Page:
Open to all: New course about groundbreaking CALS discoveries

Biochem 375, an interdisciplinary course on significant research contributions from the College of Agricultural and Life Sciences, is being offered this semester and is open to the public. In this course, retired or senior professors from CALS talk about the most exciting scientific story from their own experience during the Monday lecture. During the subsequent Thursday lecture, current faculty and staff members talk about their work in extending these original discoveries. The entire series will be recorded.

This course grew out of a series of meetings with about 25 retired professors from CALS who agreed that knowledge of the history of one’s discipline deepens and enriches the educational experience of students. They were concerned about the fact that so much of the history of CALS was known only to people who were about to retire, or had already retired. Younger faculty and staff, and especially undergraduate and graduate students, knew next to nothing about genuinely important discoveries and contributions from CALS. The talks given in this course include work in at least 15 departments of CALS, the College of Medicine and Public Health and School of Veterinary Medicine, covering, animals, plants and microbes (see tentative schedule below).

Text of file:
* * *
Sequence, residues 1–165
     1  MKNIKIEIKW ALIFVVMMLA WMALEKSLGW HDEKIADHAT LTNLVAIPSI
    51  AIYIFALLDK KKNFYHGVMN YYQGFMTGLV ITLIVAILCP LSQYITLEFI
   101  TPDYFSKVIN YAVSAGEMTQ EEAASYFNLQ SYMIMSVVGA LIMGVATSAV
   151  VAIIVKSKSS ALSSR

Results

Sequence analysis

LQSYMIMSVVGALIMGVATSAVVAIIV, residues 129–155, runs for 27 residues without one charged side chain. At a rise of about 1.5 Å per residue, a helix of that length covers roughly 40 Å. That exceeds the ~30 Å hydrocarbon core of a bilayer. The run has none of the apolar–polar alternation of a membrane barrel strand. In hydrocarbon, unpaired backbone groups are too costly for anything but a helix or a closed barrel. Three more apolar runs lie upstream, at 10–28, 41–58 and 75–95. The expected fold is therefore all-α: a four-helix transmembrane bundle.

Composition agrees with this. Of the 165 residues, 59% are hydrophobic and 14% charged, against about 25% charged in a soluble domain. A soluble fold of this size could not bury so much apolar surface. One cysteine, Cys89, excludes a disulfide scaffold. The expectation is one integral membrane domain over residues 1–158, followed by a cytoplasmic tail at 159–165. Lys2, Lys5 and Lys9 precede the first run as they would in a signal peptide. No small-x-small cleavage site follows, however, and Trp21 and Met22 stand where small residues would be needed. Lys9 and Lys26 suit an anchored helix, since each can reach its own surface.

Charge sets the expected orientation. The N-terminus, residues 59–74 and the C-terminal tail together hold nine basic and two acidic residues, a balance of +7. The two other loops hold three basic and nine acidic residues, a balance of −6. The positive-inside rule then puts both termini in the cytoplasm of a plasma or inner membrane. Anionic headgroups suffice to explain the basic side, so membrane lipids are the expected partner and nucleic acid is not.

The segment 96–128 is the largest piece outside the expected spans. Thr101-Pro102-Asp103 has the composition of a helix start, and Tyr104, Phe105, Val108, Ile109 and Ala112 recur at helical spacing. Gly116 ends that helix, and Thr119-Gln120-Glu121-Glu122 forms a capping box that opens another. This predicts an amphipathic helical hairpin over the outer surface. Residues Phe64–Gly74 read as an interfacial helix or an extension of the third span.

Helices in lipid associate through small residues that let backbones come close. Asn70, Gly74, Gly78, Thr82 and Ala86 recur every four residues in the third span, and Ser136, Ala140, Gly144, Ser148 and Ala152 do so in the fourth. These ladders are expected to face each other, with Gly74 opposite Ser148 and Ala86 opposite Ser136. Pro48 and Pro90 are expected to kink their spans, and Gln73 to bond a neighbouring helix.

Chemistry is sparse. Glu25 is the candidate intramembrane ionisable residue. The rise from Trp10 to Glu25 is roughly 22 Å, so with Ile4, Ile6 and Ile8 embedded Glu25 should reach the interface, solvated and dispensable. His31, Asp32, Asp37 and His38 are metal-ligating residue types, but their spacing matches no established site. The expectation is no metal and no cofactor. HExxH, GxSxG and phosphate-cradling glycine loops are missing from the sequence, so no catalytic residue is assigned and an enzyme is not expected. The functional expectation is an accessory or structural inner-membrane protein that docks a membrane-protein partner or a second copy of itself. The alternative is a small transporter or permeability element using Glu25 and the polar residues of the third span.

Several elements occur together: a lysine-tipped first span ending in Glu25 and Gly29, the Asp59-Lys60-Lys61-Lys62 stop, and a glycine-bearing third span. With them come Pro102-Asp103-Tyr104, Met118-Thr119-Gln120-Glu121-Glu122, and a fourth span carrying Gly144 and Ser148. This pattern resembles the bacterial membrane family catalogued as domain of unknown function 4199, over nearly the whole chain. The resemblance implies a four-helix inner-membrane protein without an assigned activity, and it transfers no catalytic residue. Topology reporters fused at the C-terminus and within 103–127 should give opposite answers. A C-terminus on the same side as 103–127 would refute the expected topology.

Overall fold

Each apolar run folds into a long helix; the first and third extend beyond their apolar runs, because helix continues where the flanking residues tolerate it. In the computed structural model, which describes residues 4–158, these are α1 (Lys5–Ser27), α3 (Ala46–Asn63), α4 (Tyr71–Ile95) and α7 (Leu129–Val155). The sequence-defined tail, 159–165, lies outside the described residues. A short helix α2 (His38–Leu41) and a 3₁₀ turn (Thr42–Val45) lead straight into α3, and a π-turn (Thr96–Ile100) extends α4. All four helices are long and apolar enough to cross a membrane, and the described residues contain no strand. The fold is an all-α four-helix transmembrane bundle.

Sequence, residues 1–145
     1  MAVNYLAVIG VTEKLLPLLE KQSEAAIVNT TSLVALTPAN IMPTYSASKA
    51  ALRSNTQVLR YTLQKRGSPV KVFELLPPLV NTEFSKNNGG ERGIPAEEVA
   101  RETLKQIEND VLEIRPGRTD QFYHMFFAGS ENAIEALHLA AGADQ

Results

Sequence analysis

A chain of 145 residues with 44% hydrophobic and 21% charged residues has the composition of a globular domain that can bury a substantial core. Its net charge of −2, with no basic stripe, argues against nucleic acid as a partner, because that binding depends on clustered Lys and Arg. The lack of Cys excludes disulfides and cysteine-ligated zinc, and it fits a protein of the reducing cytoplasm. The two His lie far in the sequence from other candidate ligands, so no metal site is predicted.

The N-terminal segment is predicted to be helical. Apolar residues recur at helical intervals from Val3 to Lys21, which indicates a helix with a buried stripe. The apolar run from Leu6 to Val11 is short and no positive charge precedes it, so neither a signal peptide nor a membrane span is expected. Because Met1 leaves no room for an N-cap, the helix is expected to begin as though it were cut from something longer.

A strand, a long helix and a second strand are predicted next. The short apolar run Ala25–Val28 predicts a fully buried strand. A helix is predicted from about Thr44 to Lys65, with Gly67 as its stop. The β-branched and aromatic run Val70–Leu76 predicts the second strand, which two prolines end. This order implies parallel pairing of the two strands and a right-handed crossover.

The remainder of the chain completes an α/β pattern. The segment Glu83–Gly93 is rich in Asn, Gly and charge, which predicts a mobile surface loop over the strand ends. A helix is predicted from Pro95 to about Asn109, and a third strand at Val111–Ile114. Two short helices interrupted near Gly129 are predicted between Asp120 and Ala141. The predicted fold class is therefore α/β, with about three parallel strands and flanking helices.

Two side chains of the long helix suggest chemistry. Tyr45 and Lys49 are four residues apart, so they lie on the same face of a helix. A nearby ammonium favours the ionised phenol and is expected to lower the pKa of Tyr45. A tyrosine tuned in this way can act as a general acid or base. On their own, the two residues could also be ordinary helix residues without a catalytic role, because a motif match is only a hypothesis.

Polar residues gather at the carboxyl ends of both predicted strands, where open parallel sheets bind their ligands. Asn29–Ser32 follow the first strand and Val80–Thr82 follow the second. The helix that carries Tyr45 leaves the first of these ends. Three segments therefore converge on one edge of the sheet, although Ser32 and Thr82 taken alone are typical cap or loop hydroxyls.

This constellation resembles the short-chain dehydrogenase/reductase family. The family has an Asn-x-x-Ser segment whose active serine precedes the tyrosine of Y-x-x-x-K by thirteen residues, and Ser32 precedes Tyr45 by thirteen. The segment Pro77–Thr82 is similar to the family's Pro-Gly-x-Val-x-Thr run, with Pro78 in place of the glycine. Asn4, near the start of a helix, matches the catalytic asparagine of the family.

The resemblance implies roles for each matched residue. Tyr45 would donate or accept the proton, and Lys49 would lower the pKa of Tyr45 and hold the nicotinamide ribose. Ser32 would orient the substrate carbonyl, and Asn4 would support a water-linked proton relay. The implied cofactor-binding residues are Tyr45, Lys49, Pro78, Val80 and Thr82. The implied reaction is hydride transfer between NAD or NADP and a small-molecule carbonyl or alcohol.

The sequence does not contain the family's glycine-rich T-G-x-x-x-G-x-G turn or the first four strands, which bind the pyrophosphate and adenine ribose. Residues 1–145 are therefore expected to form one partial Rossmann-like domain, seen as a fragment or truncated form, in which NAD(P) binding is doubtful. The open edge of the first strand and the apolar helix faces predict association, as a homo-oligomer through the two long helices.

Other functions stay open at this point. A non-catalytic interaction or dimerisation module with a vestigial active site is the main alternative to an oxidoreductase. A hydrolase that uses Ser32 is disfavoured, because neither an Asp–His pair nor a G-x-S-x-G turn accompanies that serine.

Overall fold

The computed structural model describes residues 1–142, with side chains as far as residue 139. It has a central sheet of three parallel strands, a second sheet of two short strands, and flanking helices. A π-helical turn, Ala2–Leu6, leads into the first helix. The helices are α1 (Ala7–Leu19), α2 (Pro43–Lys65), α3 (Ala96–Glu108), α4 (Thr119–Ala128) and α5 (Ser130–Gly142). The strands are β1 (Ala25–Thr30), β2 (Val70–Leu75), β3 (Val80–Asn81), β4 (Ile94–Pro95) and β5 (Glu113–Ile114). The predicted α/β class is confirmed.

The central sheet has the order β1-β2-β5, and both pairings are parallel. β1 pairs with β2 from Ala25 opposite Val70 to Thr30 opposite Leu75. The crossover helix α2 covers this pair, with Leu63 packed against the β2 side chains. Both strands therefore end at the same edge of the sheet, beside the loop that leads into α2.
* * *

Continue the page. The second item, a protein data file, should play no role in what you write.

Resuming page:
The course is scheduled for 4:45 p.m. on Mondays and Thursdays in room 1111 (the auditorium) in the Biotechnology Center at 425 Henry Mall. Parking is free after 4:30 p.m. in nearby lot 40.

If you have questions about the course, contact Dave Nelson at

Scheduled talks (tentative):

  • Thursday, January 25: “CALS Beginnings,” D.L. Nelson, Biochemistry
  • Monday, January 29: “Plant Breeding for Disease Resistance,” P. Williams, Plant Pathology
  • Thursday, February 1: “Genetics of Vernalization,” R. Amasino, Biochemistry
  • Monday, February 5: “Muscle Biochemistry,” R. Bremel, iOGenetics LLC
  • Thursday, February 8: “Lactation Biology,” L. Hernandez, Dairy Science
  • Monday, February 12: “Lederberg and Bacterial Genetics,” M. Susman, Genetics
  • Thursday, February 15: “Bacterial Genomics,” N. Perna, Genetics
  • Monday, February 19: “Brink and Plant Genetics,” M. Susman, Genetics
  • Thursday, February 22: “Evolutionary Genomics,” J. Doebley, Genetics
  • Monday, February 26: “Beginnings of WARF,” K. Walters, History of Science
  • Thursday, March 1: “WARF, UW and Nation,” C. Gulbrandsen, WARF
  • Monday, March 5: “Animal Viruses and Diseases,” B. Easterday, Veterinary Medicine
  • Thursday, March 8: “Johne’s Disease,” M. Collins, Pathobiological Sciences
  • Monday, March 12: “Dietary Minerals,” R. Sunde, Nutritional Sciences
  • Thursday, March 15: “Zn Metabolism in Yeast,” D. Eide, Nutritional Sciences
  • Monday, March 19: “Plant/Microbe Interactions,” S. Leong, Plant Pathology
  • Thursday, March 22: “Fungal Pathogens,” G. Gauthier, Medicine
  • Monday, April 2: TBA
  • Thursday, April 5: TBA
  • Monday, April 9: D. Maxwell, Plant Pathology
  • Thursday, April 12: M. Havey, Horticulture
  • Monday, April 16: “McCollum and Vitamin A,” D. Nelson, Biochemistry
  • Thursday, April 19: “LVM, Niacin and Pellagra,” D. Nelson, Biochemistry
  • Monday, April 23: “Aldo Leopold’s Land Ethic,” S. Temple, Wildlife Ecology
  • Thursday, April 26: “Climate Change Ecology,” B. Zuckerberg, Wildlife Ecology
  • Monday, April 30: “Discovery of Warfarin,” D. Nelson, Biochemistry
  • Thursday, May 3: “Themes and Lessons in this Course,” D. Nelson, Biochemistry